Plants are so drastically different from us mobile mammals that we struggle to fully grasp them. With Lessons from Plants, Beronda L. Montgomery, who is the MSU Foundation Professor of Biochemistry & Molecular Biology and Microbiology & Molecular Genetics at Michigan State University, reveals their surprising abilities and connections. Along the way, she reflects on how we as humans can draw lessons from this to live better lives, both for ourselves and for those around us.
In an earlier review, I said that botany was never my greatest love. With The Revolutionary Genius of Plants, Italian plant neurobiologist Stefano Mancuso does a very good job of changing my mind. In the preface, he implores readers to imagine what it is like to be a plant, unable to escape predators. How can you survive this onslaught? The answer: by becoming virtually indestructible. And the way plants do this is by having a body plan that is almost the inverse of animals. There was something so powerful about Mancuso’s writing here that he instantly drew me in.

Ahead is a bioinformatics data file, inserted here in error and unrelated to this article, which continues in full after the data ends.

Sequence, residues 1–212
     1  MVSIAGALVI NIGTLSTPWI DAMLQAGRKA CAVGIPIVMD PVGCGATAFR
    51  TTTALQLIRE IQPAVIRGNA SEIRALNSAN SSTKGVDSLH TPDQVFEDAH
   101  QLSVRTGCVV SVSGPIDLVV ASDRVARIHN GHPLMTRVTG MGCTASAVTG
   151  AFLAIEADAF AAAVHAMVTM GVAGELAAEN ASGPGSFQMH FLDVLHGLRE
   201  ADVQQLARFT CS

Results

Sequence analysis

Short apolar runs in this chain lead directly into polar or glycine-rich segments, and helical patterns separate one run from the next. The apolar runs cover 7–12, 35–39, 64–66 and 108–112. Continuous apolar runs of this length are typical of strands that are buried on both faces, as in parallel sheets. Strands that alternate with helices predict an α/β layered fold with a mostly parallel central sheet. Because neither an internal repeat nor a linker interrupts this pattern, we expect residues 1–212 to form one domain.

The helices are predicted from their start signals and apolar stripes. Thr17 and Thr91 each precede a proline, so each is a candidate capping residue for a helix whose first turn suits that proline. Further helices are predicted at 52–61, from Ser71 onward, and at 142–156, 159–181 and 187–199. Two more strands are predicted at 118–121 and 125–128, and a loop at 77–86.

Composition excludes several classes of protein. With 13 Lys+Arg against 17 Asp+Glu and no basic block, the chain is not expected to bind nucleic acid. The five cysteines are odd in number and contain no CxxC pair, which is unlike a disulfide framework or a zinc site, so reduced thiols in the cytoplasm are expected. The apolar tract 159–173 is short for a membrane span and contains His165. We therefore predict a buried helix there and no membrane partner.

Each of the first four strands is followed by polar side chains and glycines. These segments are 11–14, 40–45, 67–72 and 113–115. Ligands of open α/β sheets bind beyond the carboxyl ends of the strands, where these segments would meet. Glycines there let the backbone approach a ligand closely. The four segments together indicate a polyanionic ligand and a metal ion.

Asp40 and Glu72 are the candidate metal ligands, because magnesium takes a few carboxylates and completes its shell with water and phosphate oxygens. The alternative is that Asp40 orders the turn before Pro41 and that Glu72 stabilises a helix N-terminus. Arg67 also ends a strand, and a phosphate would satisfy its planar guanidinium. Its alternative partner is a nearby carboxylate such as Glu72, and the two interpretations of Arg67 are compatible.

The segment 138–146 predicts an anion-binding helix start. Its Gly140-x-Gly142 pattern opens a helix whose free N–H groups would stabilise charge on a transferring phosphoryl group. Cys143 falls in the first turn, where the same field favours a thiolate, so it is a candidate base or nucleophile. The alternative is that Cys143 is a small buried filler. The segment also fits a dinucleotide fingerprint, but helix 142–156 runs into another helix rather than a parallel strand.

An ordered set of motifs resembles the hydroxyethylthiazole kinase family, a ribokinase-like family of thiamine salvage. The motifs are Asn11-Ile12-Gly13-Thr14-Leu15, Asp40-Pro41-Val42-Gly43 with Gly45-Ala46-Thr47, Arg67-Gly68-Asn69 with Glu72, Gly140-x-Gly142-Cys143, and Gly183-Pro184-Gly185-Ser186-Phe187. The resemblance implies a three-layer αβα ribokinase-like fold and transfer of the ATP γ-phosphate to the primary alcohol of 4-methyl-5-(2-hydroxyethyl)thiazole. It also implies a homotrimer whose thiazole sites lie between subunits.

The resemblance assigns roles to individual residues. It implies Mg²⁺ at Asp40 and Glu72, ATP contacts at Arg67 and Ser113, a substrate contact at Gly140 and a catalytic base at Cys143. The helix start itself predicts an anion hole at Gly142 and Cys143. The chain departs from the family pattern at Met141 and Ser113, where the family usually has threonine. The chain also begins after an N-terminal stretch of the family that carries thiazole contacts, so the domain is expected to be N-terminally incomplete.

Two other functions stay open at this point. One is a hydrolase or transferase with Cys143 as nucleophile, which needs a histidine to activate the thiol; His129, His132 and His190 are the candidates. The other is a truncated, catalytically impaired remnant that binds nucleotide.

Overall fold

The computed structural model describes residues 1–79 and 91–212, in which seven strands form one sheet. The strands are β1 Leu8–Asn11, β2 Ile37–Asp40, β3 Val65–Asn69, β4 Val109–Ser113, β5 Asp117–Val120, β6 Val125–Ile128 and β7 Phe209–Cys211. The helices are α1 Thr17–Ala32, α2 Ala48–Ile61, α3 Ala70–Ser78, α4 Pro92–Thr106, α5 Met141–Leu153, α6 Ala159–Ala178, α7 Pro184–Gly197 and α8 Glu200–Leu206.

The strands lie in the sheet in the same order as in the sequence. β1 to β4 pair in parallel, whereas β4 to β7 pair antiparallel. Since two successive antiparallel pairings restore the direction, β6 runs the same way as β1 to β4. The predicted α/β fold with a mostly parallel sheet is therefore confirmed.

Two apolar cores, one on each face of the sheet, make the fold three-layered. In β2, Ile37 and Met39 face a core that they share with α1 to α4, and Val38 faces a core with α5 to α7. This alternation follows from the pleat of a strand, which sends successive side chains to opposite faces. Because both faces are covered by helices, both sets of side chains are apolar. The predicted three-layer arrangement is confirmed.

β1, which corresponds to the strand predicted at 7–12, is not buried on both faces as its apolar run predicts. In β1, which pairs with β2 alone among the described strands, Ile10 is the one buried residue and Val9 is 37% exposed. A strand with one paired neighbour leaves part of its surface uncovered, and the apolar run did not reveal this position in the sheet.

Who could refuse such an invitation to dinner? In fourteen short chapters, Dinner with Darwin provides a smörgåsbord of topics on the role of food in human evolution and vice versa, many of which have been covered here in recent reviews. This is Jonathan Silvertown’s fourth book with the University of Chicago Press, and based on this, I would love to read his other books as well. Care to join me at the table?